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FAR FROM THE WESTERN FRONT
Sat, Feb 11, 2017, 3:30 PM – Mon, Mar 27, 2017, 6:30 PM GMT
Invitation to the opening of the Far from the Western Front Exhibition
Saturday 11th February 2017 at 5pm
Minhaj ul Quran Community, Education and Cultural Centre London
292 Romford Road, London E7 9HD
Minhaj ul Quran London, cordially invites you on Saturday 11th February at 5pm to the “Far from the Western Front” exhibition highlighting the role played by South Asians in the First World War. The exhibition has previously been shown at the Royal Geographical Society, and the Karamel Gallery, and has been referred to as “hugely moving”, “eye-opening”, “so, so important” and “beautifully presented”.
The exhibition is the result of a London-wide research project, started in response to a need for more awareness about the role played by South Asians in the First World War. For more than a year, members of the Indian, Pakistani, Nepalese and British communities across London have worked together to research and curate this exhibition for all, exploring the untold stories of South Asians in the First World War.
The exhibition challenges perceptions of the First World War as a European war, fought by white men in the trenches.
It is not commonly known that the First World War was fought in places like East Africa, Iraq, and in Gaza; or that over 1.5 million South Asian men (from present day India, Pakistan and Nepal) served in the British army. Or indeed that hundreds of thousands of South Asian men went to war not as soldiers, but as construction teams, cooks, laundry-men, and stretcher bearers, and that some did not return home until years after the war had officially ended.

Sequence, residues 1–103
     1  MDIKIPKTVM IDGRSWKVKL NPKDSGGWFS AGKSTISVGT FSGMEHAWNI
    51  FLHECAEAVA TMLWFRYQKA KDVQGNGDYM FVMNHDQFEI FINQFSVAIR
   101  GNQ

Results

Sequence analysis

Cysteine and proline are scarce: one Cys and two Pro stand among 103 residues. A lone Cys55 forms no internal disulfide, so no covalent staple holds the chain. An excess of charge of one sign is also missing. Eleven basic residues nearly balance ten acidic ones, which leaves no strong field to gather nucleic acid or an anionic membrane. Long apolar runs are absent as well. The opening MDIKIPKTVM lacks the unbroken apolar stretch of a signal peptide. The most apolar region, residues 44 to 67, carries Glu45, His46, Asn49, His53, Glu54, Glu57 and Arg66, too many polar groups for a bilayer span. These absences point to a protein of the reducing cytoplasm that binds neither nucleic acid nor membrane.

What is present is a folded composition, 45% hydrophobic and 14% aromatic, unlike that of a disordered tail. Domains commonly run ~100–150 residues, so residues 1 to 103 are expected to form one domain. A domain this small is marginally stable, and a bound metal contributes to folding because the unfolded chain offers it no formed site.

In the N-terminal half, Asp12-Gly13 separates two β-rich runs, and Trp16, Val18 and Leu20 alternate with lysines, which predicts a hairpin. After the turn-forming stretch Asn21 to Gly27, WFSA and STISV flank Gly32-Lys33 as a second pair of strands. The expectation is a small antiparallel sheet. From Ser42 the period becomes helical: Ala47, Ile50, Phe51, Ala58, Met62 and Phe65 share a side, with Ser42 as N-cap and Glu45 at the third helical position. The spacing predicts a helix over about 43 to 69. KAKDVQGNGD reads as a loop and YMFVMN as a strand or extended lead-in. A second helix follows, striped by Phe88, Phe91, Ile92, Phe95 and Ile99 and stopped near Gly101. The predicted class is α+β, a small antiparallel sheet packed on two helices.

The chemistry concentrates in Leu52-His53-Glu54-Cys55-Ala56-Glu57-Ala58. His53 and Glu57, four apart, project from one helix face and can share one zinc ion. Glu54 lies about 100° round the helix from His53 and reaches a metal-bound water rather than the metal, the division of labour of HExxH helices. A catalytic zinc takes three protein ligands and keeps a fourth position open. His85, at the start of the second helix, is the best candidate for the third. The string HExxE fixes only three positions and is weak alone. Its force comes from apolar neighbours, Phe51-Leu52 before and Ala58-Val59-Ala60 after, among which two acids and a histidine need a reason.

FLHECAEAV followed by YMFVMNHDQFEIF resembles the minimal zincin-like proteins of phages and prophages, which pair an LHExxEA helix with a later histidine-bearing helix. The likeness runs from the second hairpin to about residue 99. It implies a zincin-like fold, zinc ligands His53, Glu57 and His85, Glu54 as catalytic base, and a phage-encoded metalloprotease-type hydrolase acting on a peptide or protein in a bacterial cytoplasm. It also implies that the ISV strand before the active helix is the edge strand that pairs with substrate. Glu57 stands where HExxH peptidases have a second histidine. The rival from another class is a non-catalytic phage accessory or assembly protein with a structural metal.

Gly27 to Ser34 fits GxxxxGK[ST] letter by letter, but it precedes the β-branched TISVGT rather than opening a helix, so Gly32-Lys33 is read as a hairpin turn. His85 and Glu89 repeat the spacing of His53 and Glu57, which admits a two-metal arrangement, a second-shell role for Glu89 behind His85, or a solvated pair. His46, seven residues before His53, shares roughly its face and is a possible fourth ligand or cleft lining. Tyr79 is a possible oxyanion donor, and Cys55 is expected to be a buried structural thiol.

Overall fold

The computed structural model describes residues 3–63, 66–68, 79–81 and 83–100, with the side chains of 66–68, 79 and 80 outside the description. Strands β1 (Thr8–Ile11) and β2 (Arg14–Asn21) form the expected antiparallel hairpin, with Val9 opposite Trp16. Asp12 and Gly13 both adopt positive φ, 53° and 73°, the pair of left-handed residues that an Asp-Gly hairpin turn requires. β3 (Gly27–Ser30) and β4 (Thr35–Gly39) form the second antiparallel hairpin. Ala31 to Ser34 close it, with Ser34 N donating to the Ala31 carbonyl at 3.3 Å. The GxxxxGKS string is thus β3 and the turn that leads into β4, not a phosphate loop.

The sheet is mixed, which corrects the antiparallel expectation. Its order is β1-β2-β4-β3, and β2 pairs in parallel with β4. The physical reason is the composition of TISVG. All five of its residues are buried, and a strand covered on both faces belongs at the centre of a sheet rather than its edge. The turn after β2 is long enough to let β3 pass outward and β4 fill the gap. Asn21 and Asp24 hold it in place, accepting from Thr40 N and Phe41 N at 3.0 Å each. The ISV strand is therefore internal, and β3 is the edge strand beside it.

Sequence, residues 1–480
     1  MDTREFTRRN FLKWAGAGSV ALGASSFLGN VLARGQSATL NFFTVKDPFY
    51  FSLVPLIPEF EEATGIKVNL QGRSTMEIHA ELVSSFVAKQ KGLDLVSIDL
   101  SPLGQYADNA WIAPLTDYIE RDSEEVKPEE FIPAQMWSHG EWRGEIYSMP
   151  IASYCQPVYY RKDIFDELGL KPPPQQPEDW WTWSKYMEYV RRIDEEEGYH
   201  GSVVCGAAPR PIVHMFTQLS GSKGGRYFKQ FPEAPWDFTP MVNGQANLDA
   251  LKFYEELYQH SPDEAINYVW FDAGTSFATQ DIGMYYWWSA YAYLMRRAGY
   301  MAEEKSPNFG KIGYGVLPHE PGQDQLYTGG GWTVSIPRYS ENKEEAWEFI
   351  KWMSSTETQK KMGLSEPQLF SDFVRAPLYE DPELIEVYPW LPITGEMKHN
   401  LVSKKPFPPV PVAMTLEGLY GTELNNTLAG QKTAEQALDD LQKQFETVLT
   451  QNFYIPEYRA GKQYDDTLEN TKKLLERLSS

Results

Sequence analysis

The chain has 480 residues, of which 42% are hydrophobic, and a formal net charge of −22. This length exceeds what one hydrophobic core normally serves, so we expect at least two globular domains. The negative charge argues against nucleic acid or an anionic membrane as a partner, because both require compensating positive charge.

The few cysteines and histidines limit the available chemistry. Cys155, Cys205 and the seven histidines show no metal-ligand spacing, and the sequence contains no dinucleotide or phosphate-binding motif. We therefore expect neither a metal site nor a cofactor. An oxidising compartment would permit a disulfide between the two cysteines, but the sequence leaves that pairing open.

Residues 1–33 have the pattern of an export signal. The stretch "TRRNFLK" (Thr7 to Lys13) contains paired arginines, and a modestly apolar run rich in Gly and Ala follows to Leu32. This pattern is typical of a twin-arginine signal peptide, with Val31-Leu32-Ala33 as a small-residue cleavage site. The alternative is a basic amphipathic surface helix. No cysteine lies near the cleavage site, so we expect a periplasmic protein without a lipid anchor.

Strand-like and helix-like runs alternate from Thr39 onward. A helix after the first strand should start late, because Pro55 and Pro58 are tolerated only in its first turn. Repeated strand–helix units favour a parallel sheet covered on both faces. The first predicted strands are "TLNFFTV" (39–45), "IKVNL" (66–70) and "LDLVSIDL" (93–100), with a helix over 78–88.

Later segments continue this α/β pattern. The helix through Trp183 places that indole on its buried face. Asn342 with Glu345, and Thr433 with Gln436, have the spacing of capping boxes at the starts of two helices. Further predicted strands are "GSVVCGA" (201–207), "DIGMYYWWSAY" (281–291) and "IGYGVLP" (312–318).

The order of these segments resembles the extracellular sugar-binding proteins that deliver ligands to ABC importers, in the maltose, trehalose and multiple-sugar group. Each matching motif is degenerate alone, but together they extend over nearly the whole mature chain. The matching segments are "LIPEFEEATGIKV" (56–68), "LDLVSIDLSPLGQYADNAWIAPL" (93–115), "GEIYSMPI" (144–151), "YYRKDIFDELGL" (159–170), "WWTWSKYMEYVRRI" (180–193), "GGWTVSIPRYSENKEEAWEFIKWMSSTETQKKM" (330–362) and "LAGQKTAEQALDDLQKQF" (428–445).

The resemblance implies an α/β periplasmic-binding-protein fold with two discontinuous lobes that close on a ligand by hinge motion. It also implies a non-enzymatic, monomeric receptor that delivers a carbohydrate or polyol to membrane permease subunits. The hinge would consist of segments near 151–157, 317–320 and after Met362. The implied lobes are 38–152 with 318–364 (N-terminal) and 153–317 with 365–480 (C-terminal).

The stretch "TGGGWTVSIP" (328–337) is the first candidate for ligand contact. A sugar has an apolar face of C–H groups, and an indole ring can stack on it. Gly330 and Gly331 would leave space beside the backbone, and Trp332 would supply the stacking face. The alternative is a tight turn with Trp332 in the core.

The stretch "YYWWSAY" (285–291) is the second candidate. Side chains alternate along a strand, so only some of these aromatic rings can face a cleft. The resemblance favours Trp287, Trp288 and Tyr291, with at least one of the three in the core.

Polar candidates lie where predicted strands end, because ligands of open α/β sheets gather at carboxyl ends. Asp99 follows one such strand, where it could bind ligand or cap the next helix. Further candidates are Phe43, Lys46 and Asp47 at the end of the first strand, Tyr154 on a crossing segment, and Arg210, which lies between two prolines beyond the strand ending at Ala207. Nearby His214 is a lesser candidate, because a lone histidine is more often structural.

In a 2013 YouGov survey for British Futures, less than half of British people were aware of India’s contribution in the First World War. But when told, 80% agreed that it was important for integration today that all children are taught about the shared history of a multi-ethnic Britain.
Far from the Western Front presents the stories of eight men and women across the globe, using previously unseen images, digital media, and personal experiences uncovered from the archives.
Uncover a more diverse picture of the First World War and its global impact through the stories of:
The Maharaja of Bikaner, as he charges on camel towards the enemy
Stretcher-bearer Sisir Sarbadhikari, piecing together his diary after two years hiding the pages in his boots
14-year-old Satoori Devi, challenging the norm by learning to read her father’s letters
Soldier Mohammad Aslam, shielding his eyes from scavenger birds in the Middle East
The project is supported by the Heritage Lottery Fund and is delivered by the Council of Asian People, in partnership with the Pak Cultural Society, the Gurkha Veterans Foundation, and Collage
For Minhaj-ul-Quran, which has its UK headquarters in Newham, this is an auspicious event as we reach out to bring together people from all walks of life to understand and appreciate the tragedy of war, and recognise the contributions made by people from South Asia to the United Kingdom. It also recognises how history shapes our past, present. and our future and how we need to work together to create love and understanding.
Bringing the Exhibition into the heart of one of the most diverse communities in the country is of paramount importance, especially in Newham, where people from all over the world reside, and we hope that this will help build bridges between the communities.
We look forward to seeing you there.
Community Development Executive